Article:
Could a trucker-hatted ex-punk from Berlin be electronic music's savior? Not really (and techno doesn't really need a savior, thanks), but T.Raumschmiere (AKA Marco Haas) is certainly gung-ho about bringing raw rock energy and grittiness to techno's often antiseptic beatscapes. His recently released second album, Radio Blackout, departs from his solid debut Anti's stoic, minimal techno workouts like a kid who just got out of detention and pounded a six-pack of Jolt.

"Anti was just me recording jam sessions," says Haas. "It was all done live. It took about three months. With Radio Blackout, the process was more complex. I was going not so much for a techno sound, but for more pop appeal. This is the music I had in my mind, but could never make because I didn't have the time to execute my ideas. Novamute [Haas' new label] paid me before I even turned on my computer. They gave me enough money to live on for a year, so I spent nine months working on Radio Blackout. It was a perfect situation. When you record for an indie, you usually don't get paid till after your record comes out." (If at all, some shafted producers might add.)

Radio Blackout--which features vocals from electro chanteuse Miss Kittin ("The Game Is Not Over") and raps from MC Soom T ("A Million Brothers [Blah Blah Blah]")--bears a striking similarity to Electronicat's 21st Century Toy, as well as some of Adult.'s and Magas' work. The common bond? A heavy Gary Glitter and T. Rex influence. It's funny that these old glam rockers' stompin', chooglin' rhythms are finding their way into new electronic music. But Haas disagrees with my observation.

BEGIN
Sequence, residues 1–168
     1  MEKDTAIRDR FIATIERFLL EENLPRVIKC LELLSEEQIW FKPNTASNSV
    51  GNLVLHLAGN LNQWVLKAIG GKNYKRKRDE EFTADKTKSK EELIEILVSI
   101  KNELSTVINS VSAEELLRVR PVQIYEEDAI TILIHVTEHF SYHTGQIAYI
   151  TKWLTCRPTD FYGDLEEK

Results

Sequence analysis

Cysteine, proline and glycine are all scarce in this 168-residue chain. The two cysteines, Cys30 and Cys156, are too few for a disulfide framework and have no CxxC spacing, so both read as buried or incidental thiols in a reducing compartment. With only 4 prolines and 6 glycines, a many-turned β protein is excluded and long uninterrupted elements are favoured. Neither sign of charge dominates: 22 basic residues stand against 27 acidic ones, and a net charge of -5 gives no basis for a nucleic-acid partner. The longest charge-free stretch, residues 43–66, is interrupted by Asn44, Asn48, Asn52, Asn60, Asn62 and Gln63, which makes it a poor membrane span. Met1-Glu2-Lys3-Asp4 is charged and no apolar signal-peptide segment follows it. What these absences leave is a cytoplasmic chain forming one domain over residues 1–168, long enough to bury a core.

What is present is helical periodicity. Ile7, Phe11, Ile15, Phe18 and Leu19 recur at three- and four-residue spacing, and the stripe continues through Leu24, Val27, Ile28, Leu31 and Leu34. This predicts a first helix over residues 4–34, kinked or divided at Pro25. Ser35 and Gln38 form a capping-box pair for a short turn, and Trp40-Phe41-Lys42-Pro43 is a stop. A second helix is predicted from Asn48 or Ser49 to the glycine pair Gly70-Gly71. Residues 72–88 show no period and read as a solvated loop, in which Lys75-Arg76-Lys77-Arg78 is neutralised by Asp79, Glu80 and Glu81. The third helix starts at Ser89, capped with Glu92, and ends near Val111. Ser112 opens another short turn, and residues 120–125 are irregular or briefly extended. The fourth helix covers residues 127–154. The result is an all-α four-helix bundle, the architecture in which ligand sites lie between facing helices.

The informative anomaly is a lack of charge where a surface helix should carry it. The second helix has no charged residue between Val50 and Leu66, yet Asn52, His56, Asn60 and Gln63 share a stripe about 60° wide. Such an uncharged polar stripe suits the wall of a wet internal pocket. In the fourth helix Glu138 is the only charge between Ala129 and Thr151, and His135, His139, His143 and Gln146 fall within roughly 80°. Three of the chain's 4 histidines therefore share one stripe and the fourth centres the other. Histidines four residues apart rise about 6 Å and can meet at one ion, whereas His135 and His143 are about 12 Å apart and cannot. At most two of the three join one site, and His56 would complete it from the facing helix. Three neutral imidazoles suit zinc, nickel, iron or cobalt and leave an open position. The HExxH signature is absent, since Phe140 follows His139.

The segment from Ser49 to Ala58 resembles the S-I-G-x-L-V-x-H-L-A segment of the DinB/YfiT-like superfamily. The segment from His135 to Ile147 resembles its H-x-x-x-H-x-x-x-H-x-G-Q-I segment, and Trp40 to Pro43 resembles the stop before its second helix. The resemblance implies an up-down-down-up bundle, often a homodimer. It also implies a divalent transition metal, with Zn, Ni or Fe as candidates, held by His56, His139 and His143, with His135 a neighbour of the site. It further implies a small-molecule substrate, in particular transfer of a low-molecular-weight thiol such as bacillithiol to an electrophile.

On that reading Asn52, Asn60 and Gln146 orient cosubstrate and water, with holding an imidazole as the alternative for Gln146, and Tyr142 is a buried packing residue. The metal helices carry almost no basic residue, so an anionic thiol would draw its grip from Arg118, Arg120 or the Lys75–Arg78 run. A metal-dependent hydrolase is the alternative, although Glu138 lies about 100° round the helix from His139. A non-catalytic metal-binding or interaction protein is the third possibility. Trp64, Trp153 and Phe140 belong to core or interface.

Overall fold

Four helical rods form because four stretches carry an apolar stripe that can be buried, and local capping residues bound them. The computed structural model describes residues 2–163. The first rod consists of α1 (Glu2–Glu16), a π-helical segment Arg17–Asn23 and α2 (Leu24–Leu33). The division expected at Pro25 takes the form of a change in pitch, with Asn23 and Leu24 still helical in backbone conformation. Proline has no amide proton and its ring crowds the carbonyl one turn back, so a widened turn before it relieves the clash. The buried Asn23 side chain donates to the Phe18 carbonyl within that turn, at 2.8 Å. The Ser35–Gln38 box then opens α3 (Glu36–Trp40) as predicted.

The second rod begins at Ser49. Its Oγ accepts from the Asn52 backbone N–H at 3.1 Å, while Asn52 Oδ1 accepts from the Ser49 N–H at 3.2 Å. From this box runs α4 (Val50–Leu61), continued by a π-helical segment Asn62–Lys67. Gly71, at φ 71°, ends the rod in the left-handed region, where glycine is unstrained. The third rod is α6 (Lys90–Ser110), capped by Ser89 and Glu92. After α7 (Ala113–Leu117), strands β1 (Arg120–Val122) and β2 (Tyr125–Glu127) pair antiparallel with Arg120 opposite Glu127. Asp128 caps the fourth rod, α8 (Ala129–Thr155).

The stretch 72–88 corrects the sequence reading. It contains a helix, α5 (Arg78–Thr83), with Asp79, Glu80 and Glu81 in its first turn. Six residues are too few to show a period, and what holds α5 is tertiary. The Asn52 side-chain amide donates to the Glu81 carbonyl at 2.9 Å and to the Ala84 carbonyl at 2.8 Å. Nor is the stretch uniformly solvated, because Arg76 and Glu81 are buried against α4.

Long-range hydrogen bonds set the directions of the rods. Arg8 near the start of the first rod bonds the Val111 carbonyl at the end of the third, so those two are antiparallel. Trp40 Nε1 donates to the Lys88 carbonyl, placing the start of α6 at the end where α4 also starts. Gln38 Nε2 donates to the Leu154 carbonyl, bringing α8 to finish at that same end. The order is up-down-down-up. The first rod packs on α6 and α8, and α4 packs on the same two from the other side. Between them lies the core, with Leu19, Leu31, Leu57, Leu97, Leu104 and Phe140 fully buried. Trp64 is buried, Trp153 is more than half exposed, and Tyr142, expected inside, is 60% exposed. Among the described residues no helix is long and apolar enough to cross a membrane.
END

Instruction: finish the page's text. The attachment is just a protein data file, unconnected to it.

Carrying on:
"I'm not influenced by Glitter or T. Rex," he says. "I'm just used to playing that groove from being a drummer in rock bands. I started making electronic music in 1995 because I was sick of compromising with bandmates over arranging, sounds, and so on." (Haas used to play with Storm Bow and Zorn; he now moonlights in the punk-metal band Crack Whore Society, the hypocrite.)

Granted, not all of Radio Blackout apes Glitter's "Rock & Roll, Pt. 2." Some of the disc's best moments deviate from that template: The totally wired "Rabaukendiscko" buzzes and squeals like Add N to (X) infected by the Locust; "MuSick Boy" is glitched-up electro, a rancorous noise sculpture à la Otto Von Schirach or Alec Empire; and the moody title track abounds with the phantom tones and tweaked-out textures you might hear coming down from a 'shroom trip.

While Haas is immersed in Germany's astonishingly fertile electronic-music scene (he runs the excellent Shitkatapult label with Sascha Ring), he rarely listens to it at home. He's more likely to play jazz, ambient, recent releases by A Perfect Circle and Blur, or bump albums by his favorite rock bands, Shellac and Helmet. Which may explain Haas' preference for extreme bass frequencies in his tracks. "I like the dirtiness; it's very sexual," he says. "I try to get, how do you say, offensive noises."

Finally, we must tackle the most important issue regarding T.Raumschmiere: Does he wear a trucker hat onstage with irony or sincerity?

"I've been wearing this hat for three years," Haas replies. "I wear the hat to bed. Then all of a sudden it became trendy, but I'm not going to stop wearing it just because of that." Hats off, dude. DAVE SEGAL

With Samuel Kirkland, Nordic Soul, Module. Thurs Nov 20 at Chop Suey, 1325 E Madison St, 324-8000, 9 pm-2 am, 21+, $10 adv.